Is it hair dye or poison?

Published: 11th July 2013 08:49 AM  |   Last Updated: 11th July 2013 08:49 AM   |  A+A-

Twenty-year-old Divya (name changed) from Tiruvallur district was rushed to the Government General Hospital with severe breathing difficulty.

The class 10 passout, who had a financial problem at home, had consumed 10 ml of black hair dye which her parents were using, and was admitted to the hospital with a swollen face, tongue and wind pipe.

Doctors swung into action and after stabilising her vital organs, made an opening in her throat with the help of ENT experts for an airway and put her on ventilator. Divya spent the next 25 days in hospital and luckily survived after undergoing treatment for internal bleeding and mild renal failure.

And Divya is not the only one to try out hair dye for suicide. There are many such youngsters, say doctors. Though pesticides are commonly used in suicide attempts, young people from economically weaker sections in urban areas, especially, women consume hair dye, as they are easily accessible.

Medical experts say that at least three cases of hair dye poisoning are reported in city hospitals every week.

Doctors at the Toxicology Department at the Madras Medical College attached to the Rajiv Gandhi Government General Hospital, said that hair dyes including those that are ammonia based have basic constituents like paraphenylene diamine (PPD), resorcinol and other solvents that are toxic. They say that a person consuming hair dye would either suffer angioneurotic edema, where they end up having swollen lips, eyes, face up to the upper airway. The swelled upper airway causes obstruction and the person would eventually suffer respiratory problems and would even collapse if not treated immediately.

Apart from respiratory failure, doctors add that the toxic component in hair dye could also cause accumulation of acid in the body ending up with a metabolic acidosis. “Hair dye could also cause acute renal failure among others. Even in herbal hair dye, such toxic components are present but the combination could be less. It can cause allergy for some when it is applied on the hair, that is why the dye packs carry information to conduct a patch test first before applying,” says Dr S Ragunandanan, in charge of toxicology ward at RGGGH.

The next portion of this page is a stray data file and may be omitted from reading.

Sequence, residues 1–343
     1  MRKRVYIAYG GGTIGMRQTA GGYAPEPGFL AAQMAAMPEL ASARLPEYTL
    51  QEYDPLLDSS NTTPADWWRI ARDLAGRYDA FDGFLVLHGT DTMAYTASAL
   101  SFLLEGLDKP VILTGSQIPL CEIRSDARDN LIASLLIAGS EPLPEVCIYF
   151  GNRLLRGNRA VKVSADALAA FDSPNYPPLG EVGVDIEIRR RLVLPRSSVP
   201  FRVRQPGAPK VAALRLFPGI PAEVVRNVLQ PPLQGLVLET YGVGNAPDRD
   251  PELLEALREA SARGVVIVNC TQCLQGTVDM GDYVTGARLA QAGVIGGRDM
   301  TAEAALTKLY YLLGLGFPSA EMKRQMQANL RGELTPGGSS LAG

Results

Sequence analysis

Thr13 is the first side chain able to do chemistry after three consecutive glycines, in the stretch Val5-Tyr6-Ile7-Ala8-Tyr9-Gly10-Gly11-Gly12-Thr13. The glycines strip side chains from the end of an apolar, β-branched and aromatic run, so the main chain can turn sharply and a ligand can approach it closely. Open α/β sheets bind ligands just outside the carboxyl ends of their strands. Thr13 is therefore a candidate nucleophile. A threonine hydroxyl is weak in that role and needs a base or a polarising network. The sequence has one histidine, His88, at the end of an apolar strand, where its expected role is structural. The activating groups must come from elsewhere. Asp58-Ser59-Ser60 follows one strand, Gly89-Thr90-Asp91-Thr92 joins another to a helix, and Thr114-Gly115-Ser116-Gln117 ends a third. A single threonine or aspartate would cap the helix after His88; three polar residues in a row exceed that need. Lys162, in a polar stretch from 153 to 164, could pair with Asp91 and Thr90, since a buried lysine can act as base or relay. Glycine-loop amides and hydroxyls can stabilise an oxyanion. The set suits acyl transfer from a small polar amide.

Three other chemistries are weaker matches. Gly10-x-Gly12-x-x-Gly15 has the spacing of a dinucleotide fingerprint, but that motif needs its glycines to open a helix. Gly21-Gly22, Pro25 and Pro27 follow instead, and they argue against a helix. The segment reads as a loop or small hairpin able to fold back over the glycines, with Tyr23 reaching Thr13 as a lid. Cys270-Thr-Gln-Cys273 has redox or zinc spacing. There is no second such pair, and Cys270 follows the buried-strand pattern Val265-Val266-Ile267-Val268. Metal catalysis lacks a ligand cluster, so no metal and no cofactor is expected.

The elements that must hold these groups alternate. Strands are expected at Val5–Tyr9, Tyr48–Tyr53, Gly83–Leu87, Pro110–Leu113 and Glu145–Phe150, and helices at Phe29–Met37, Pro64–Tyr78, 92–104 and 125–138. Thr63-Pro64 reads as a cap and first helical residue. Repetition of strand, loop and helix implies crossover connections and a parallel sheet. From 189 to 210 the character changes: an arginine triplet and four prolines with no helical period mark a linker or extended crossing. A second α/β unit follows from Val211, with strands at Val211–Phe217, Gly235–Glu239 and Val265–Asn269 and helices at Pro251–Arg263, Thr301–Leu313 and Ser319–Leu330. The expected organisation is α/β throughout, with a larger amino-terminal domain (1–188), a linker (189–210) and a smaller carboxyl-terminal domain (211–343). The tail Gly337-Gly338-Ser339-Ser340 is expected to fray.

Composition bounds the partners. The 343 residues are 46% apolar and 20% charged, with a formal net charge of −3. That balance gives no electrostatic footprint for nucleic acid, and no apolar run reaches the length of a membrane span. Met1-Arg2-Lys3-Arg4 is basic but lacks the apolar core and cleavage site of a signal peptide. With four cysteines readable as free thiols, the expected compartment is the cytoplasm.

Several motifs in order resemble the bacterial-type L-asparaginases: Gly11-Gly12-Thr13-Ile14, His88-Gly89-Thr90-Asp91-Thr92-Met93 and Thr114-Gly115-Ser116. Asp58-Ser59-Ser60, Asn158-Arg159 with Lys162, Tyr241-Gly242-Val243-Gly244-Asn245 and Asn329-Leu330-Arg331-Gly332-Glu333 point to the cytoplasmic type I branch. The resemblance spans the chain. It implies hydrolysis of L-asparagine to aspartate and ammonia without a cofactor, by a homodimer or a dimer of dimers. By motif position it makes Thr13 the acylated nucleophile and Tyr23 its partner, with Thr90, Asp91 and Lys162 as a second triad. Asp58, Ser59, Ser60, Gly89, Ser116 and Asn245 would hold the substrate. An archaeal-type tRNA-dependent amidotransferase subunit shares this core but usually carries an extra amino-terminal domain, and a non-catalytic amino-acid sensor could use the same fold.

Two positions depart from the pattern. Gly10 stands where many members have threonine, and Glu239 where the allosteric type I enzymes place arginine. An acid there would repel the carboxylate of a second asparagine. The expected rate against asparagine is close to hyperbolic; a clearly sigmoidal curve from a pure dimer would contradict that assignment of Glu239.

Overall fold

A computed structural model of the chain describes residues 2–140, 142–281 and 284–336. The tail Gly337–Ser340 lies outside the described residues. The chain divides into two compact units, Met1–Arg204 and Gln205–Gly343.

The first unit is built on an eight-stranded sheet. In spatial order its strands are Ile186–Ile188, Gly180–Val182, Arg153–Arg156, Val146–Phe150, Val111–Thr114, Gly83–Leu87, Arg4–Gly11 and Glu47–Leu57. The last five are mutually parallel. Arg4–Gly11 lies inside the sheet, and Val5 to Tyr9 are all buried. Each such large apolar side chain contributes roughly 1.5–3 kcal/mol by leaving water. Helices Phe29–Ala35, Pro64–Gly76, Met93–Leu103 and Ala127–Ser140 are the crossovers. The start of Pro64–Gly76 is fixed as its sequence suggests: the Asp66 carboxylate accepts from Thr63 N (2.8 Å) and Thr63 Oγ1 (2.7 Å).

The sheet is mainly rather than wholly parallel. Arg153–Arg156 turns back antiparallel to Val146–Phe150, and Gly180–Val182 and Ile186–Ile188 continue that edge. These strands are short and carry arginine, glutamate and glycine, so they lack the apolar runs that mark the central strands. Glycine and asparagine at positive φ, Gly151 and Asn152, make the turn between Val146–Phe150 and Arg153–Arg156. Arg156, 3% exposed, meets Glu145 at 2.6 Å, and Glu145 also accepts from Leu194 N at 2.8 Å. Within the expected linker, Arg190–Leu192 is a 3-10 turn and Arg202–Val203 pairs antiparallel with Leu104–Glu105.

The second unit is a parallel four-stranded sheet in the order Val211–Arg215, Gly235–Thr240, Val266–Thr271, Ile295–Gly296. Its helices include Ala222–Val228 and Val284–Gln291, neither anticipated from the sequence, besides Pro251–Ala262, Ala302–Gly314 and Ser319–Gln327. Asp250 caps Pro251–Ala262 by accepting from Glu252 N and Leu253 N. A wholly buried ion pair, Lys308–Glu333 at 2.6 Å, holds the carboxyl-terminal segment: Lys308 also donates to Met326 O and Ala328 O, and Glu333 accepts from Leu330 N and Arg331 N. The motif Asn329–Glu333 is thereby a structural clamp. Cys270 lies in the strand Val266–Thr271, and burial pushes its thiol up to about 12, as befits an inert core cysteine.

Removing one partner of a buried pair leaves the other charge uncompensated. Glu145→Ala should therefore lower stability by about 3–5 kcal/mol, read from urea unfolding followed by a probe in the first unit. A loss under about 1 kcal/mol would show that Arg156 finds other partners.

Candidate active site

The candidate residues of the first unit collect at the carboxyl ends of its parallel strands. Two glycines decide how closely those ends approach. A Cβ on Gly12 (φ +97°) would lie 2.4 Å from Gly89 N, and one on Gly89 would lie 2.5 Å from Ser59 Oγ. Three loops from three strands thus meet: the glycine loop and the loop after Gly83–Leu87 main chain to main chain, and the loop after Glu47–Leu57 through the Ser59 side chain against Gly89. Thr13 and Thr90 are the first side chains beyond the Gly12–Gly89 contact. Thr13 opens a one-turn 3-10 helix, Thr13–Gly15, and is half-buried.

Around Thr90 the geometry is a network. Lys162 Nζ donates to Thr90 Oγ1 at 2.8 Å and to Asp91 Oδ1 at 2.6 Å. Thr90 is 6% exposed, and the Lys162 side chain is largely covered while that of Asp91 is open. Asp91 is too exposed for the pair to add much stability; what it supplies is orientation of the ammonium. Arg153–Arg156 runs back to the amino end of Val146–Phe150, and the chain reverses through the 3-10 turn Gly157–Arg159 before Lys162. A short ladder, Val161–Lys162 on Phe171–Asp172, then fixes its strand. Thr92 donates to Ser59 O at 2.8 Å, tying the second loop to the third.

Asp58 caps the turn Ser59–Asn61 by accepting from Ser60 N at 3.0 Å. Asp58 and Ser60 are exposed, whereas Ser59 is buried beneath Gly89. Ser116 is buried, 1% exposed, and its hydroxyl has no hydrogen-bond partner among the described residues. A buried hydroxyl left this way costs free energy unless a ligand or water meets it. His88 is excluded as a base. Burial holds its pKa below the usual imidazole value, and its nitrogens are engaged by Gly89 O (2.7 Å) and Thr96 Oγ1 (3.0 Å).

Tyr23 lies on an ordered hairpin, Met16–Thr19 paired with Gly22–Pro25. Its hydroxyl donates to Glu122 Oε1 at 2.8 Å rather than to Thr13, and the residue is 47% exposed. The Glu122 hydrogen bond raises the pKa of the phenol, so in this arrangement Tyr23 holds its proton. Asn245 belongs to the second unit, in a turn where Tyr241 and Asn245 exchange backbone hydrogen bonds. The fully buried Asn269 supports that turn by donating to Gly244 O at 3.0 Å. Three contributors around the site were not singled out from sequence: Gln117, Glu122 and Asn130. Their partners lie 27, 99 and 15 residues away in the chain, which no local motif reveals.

The doctor further says that generally majority of the cases of intentional poisoning are those aged between 15 and 30, who take an impulsive decision after parents rebuke, inability to handle academic pressure or marital discord.

“Though many patients do not tell us the truth, some simply claim they attempted suicide as they suffered acute stomach pain. However, we conduct counselling for all these patients to make sure they don’t repeat it,” the doctor says and adds that his department has treated a five-month pregnant woman, who consumed hair dye.

Years back, inmates in Sri Lankan refugee camps in the state reportedly often consumed hair dye to commit suicide as a sign of protestdue to unavailibility of pesticides in shops, city doctors recall. Even debt-ridden farmers in Andhra Pradesh and Uttar Pradesh committed suicide by orally taking such dyes. At one point, media reported that sale of cheap variety of hair dye was banned in the northern parts of the country as farmers in drought-hit region of UP were found drinking it. Outside the country, hair dye poisoning is prevalent in African countries like Sudan and Morocco.

“In places like Madurai, the number of cases is more. Even 2 ml of hair dye could cause death within minutes if not treated as early as possible,” a doctor with the toxic ward warns.

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